“I do solemnly swear (or affirm) that I will faithfully execute the office of President of the United States, and will to the best of my ability, preserve, protect and defend the Constitution of the United States.” ~ Presidential oath of office, Article II, Section 1, U.S. Constitution
Some of the greatest and most noteworthy inaugural addresses in American history have come from the pens of our presidents.
Not that every word or syllable was smooth, iambic prose. In fact, some of our earliest and greatest presidents wrote speeches in such flowery verbiage that the true meaning of their words was missed — writing in ultra-long sentences a reader sometimes had to read and re-read many times just to gauge its meaning.
Presidents George Washington and Thomas Jefferson fall into this category. They wrote speeches during a time when flowing prose talked all the way around a direct meaning. For directness, you must move along a number of years and presidents.
But, such was American speech in its day, when inaugural addresses were long and people had nothing else to do but stand and listen to presidents orate.
President Washington set the bar for all future presidents, when he gave the first inaugural address, even though it was not mandated in the Constitution — as is the oath of office.
General George also set the precedent for presidents to kiss the Holy Bible upon taking that oath.
On April 30, 1789, in front of New York’s Federal Hall, our nation’s first president took the oath of office before a cheering crowd on a balcony overlooking Wall Street.
The longest and perhaps dullest inaugural address — and shortest presidency — is attributed to President William Henry Harrison, taking an hour and forty-five minutes to present. Speaking outside in a snowstorm, he contracted pneumonia and died a month later.
Yet, history records stirring words from some of our presidents upon taking office:
“Great is the stake placed in our hands; great is the responsibility which must rest upon the people of the United States. Let us realize the importance of the attitude in which we stand before the world. Let us exercise forbearance and firmness. Let us extricate our country from the dangers that surround it and learn wisdom from the lessons they inculcate.” ~ President Andrew Jackson, 1833
“With malice toward none, with charity for all, with firmness in the right as God gives us to see the right, let us strive on to finish the work we are in, to bind up the nation’s wounds, to care for him who shall have borne the battle and for his widow and his orphan, to do all which may achieve and cherish a just and lasting peace among ourselves and with all nations.” ~ President Abraham Lincoln, 1865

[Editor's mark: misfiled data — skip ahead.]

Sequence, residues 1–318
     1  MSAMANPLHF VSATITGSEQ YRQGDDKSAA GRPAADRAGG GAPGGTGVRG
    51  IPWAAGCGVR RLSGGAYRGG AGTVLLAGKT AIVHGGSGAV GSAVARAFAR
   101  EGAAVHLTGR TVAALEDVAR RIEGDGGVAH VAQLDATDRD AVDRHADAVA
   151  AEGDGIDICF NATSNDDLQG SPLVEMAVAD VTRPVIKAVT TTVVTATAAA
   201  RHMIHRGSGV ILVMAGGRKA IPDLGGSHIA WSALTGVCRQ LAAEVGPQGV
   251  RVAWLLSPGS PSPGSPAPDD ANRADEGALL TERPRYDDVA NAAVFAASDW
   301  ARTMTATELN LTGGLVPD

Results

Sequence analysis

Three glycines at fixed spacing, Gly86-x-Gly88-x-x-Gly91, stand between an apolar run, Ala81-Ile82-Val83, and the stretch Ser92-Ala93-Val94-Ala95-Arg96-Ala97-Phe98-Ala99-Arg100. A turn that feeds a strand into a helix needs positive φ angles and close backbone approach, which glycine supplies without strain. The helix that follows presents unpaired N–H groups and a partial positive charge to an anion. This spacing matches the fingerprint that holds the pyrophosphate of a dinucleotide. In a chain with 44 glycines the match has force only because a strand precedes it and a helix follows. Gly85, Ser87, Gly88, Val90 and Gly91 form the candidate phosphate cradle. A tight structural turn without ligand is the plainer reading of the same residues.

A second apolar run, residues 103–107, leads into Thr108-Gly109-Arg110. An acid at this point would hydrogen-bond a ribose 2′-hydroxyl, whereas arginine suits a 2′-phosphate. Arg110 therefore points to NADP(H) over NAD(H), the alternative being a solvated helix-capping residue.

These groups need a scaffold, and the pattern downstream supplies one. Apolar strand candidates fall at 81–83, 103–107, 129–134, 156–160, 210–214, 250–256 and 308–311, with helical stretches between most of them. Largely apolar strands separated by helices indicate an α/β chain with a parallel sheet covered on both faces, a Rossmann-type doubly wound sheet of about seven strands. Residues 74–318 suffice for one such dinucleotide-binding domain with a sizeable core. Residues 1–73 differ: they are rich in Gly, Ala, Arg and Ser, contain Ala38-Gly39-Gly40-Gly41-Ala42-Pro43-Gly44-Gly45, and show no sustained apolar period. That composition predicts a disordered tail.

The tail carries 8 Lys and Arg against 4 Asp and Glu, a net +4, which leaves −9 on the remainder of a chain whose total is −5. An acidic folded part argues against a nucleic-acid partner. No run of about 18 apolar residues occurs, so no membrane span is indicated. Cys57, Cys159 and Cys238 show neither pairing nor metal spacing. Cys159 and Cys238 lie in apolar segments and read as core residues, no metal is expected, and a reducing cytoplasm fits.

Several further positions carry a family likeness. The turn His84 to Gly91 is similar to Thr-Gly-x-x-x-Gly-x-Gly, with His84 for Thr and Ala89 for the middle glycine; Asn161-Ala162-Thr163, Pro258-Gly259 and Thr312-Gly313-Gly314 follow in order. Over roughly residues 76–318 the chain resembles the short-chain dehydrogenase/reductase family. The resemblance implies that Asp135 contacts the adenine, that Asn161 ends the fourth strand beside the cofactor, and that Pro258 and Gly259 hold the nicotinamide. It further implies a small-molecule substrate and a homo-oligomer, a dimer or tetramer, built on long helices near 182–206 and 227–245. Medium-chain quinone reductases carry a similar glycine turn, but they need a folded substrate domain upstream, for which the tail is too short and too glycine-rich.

“Much has been given us, and much will rightfully be expected from us. We have duties to others and duties to ourselves; and we can shirk neither. We have become a great nation, forced by the fact of its greatness into relations with other nations of the earth, and we must behave as beseems a people with such responsibilities. … While ever careful to refrain from wrongdoing others, we must be no less insistent that we are not wronged ourselves. We wish peace, but we wish the peace of justice, the peace of righteousness.” ~ President Theodore Roosevelt, 1905
“This great nation will endure as it has endured, will revive and will prosper. So, first of all, let me assert my firm belief that the only thing we have to fear is fear itself — nameless, unreasoning, unjustified terror which paralyzes needed efforts to convert retreat into advance.” ~ President Franklin Delano Roosevelt, 1933
“And so, my fellow Americans: ask not what your country can do for you— ask what you can do for your country. My fellow citizens of the world: ask not what America will do for you, but what together we can do for the freedom of man.” ~ President John Fitzgerald Kennedy, 1961
“The orderly transfer of authority, as called for in the Constitution, routinely takes place as it has for almost two centuries, and few of us stop to think how unique we really are. In the eyes of many in the world, this every-four-year ceremony we accept as normal is nothing less than a miracle.” ~ President Ronald Wilson Reagan, 1981
“In serving, we recognize a simple but powerful truth — we need each other. And we must care for one another. Today, we do more than celebrate America; we rededicate ourselves to the idea of America.” ~ President William Jefferson Clinton, 1993
On Monday, at the 57th inaugural address, President Barack Obama will put his hand on the Bibles of Abraham Lincoln and the Rev. Martin Luther King Jr., and follow historical precedent handed down from this nation’s very founding.
Christy is news editor at the Enid News & Eagle. Go to his column blog at enidnews.com/historicallyspeaking.